There’s no sweeter sound than Bach’s Cello Suites

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Istvan Vardai, a 32 year old Hungarian cellist, preformed in Jorgensen Theater Tuesday evening (Nicholas Hampton/The Daily Campus)

Once upon a time, the cello was used only as a constant baseline and backdrop for the other instruments in an orchestra. István Várdai proved this wrong a thousand times over with his performance of Bach’s cello suites in Jorgensen Center for the Performing Arts this Tuesday.  

Hungarian cellist Istvan Várdai is an internationally famous cellist who has won many competitions with his talent, including the 63rd Geneva International Cello Competition in 2008 and the 13th International Brahms Competition. This week, he is performing Bach’s Suites for the Unaccompanied Cello, which have stood against the tests of time and remain untouchable works of art. 

Not only did Várdai’s skills and Bach’s masterpieces make this a show well worth attending, although that would have been enough, but the cello Várdai played is the oldest surviving Stradivarius cello, crafted in the 1673. Only 63 of the cellos produced exist today. 

This performance was part of the Lenard Chamber Series, which, thanks to John and Jean Lenard, allows students and youths from the area to attend chamber music events free of charge. Várdai’s performance in particular serves as a thank you to the Lenards. 

“John Lenard is Hungarian, so that is the Hungarian connection. We were very fortunate to have that opportunity, [Várdai] doesn’t perform in the U.S. that often, so it was a great opportunity,” said Rodney Rock, director of Jorgensen. 

Várdai gave a captivating performance. His love of the music and instrument was as apparent as his skill, allowing him to deliver moving music and engage the audience. 

It would take an incredible musician to make performing these pieces seem effortless, which Várdai was able to achieve. With no sheet music in sight, he played with surgical precision and created music that was shocking to hear coming from just one instrument. This made it as much a visual experience as an auditory one. Occasional whispers of amazement passed through the audience at Várdai’s speed and dexterity.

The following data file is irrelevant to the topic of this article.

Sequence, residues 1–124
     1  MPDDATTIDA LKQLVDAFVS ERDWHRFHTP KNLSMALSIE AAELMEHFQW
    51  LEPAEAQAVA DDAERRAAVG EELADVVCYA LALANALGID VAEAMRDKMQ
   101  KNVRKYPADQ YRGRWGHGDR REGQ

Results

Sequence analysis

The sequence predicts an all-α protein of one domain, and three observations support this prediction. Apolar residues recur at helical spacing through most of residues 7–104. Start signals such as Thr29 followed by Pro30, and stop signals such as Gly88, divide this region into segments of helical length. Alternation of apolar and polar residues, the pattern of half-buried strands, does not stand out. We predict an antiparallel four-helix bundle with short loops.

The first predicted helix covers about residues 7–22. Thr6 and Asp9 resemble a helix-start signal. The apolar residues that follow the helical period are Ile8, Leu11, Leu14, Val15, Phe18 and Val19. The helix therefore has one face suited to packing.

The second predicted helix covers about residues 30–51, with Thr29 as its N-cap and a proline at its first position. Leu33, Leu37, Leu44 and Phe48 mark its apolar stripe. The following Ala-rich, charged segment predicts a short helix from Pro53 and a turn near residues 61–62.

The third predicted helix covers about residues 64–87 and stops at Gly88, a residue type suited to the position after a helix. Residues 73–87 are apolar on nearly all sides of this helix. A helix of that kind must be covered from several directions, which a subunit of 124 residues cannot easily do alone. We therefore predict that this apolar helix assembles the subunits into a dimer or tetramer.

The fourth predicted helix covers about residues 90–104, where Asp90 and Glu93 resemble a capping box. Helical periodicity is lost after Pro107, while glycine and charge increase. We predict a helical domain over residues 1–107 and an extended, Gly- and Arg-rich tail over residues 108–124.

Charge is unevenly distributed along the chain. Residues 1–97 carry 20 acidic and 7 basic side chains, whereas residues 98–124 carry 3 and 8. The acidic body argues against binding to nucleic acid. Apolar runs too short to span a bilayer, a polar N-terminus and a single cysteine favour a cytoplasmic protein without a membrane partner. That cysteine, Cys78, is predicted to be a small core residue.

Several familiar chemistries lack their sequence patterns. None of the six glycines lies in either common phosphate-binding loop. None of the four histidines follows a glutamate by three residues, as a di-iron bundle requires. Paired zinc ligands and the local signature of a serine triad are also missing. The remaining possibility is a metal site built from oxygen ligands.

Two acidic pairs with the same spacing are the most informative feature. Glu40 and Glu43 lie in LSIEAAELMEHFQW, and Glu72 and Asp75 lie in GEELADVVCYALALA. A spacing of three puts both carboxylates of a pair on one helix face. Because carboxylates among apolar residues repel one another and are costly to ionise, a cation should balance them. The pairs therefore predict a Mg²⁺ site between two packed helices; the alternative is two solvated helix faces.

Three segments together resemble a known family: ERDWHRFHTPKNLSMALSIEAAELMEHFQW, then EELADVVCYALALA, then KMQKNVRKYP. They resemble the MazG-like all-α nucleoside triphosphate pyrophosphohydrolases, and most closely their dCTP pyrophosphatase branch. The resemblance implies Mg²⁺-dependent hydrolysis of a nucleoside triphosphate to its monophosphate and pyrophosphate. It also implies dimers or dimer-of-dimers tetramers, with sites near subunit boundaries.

“As a UConn student, I got into this performance for free. I think it’s a great opportunity for people our age to see something that might have been in an era before us, or generation before us. Looking around in the crowd, it seems like there were a lot of people who weren’t our age, but bringing this to UConn students will bring in light to the techniques of the past,” said Gabrielle Christofor, a second-semester exploratory major. 

This performance, and the Lenard series as a whole, allows incredible music from the past to connect with both the performers and audience members of today. These performances are now more accessible than ever, thanks to this series of shows. 

Seeing a show as unique as this is a once in a lifetime opportunity. Luckily, UConn students are offered this chance twice, not only in a lifetime, but in one week. To see the second half of Várdai’s performance, which will include Cello Suites Nos. 2, 4 and 6, students can come to Jorgensen Center for the Performing Arts on Wednesday April 17 at 7:30 p.m. 


Meghan Shaw is a campus correspondent for The Daily Campus. She can be reached via email at meghan.n.shaw@uconn.edu.

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